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JAT Airways Flight 367
Occurrence summary
Date January 26, 1972
Type Bombing
Site Srbská Kamenice, Czechoslovakia Czechoslovakia
Passengers 23
Crew 5
Injuries 1
Fatalities 27
Survivors 1
Aircraft type McDonnell Douglas DC-9-32
Operator JAT Yugoslav Airlines
Tail number YU-AHT
Flight origin Sweden Stockholm-Arlanda Airport, Stockholm, Sweden
Last stopover Denmark Copenhagen Airport, Copenhagen, Denmark
Destination Yugoslavia Zagreb Airport, Zagreb, Yugoslavia

JAT Yugoslav Airlines Flight 367, was a McDonnell Douglas DC-9-32 aircraft (registration YU-AHT) which exploded shortly after overflying NDB Hermsdorf, East Germany while en route from Stockholm to Belgrade on January 26, 1972. The aircraft piloted by captain Ludvig Razdrih broke into two pieces, spun out of control, crashing near the village of Srbská Kamenice in Czechoslovakia (now the Czech Republic). 27 of 28 of those on board were killed upon ground impact; but a crew member, Vesna Vulović, survived.[1]

Contents

Cause

Last 20 min of the flight

On the morning of 27 January 1972 an anonymous man called the newspaper Kvällsposten published in Malmö, Sweden claiming in broken Swedish that he was a Croat and member of Croatian National Resistance, Ustasha terrorist group that also killed SFRY ambassador Vladimir Rolović in Sweden later that year, and claimed responsibility for the bombing.

The crash site was sealed off for 24 hours. Vesna Vulović was at the back of the plane at the time of the explosion and survived the initial explosion. The back part of the plane was torn away from the main fuselage and she fell from 10,160 meters (33,000 feet) before impact with the ground. A food tray pinned her to the back of the plane during her fall, acting as a seat belt, thus preventing her from being sucked out of the plane during de-compression or the ensuing fall. Though she was at the back when the explosion occurred she was said to be found in the middle section of the plane.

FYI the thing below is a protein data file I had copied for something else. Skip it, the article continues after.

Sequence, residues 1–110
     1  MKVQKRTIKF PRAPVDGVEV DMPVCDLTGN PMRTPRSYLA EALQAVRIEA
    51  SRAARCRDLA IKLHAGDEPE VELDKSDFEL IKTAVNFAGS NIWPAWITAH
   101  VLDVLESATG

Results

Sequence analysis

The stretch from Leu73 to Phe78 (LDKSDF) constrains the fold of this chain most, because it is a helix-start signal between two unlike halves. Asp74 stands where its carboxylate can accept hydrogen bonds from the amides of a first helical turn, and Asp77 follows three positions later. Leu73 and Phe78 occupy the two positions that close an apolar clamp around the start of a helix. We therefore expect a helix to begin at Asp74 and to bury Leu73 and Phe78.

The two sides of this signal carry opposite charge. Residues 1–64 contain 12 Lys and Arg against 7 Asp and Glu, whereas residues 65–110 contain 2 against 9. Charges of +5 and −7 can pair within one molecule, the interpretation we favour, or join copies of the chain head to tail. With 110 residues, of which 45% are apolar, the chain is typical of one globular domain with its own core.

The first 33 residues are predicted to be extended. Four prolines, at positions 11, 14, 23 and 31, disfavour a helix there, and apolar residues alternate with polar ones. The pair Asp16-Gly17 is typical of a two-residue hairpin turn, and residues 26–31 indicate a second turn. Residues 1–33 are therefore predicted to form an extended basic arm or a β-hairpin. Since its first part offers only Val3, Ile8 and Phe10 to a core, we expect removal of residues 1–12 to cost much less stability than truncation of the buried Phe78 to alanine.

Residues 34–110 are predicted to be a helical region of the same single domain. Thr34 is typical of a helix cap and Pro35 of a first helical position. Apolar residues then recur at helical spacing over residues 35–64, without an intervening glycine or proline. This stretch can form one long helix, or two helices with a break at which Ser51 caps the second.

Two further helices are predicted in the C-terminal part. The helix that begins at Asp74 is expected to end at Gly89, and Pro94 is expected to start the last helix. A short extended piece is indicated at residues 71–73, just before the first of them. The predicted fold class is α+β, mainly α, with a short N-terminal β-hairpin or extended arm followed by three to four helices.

Vulović was in a coma for 27 days and was temporarily paralyzed from the waist down, but survived.[2] She continued working for the airline, holding a desk job.

In popular culture

Vesna Vulovic holds the official record in the Guinness Book of Records for the highest fall survived without a parachute.[3] Vesna received the Guinness prize from Paul McCartney, at height of her fame.

Others have survived falls above 1,880 feet. In 1942 a Russian bailed out of his Ilyushinn at 22,000 feet when being attacked by German Messerschmidts. He landed in thick snow and made a speedy recovery. In another war story RAF gunner Nicholas Alkemade fell 18,000 feet and sprained a leg. The branches of pine trees and the snow on the ground saved him.

A major celebrity in SFRY, Vesna Vulović was frequent guest at major Yugoslav TV shows such as Maksovizija by Milovan Ilić Minimaks, up until the 1990s. Vulović attended annual commemorations at the crash site, until they were stopped in 2002. The daughter of the firefighter that saved her bears her name, as well as the local hotel in Czech Republic, near the site of the crash.

The plane crash was a subject of MythBusters. Episode 37, "Escape Slide Parachute (Story of Vesna Vulović)" was devoted to her case[4]. The MythBusters concluded it was possible to survive the fall depending on how the wreckage someone was sitting in landed. Discovery Channel in their programme Against all Odds also profiled Vesna's amazing fall to earth.

Challenges to the official cause

The officially stated cause of the crash was challenged on numerous occasions over the years.

Most recently the discussion about different aspects of the crash was reopened on January 8, 2009 when German news magazine Tagesschau featured an article about the crash proposing a conspiracy theory that the plane was shot only few hundred meters above the ground by the Czechoslovak air force, while attempting forced landing [5]. Czech Civilian Aviation Authority dismissed the claims as media sensationalism, that occurs from time to time, while Vesna Vulović referred to the claims that the plane attempted forced landing or descended to such low altitude as a "nebulous nonsense"[6].

See also

References

External links

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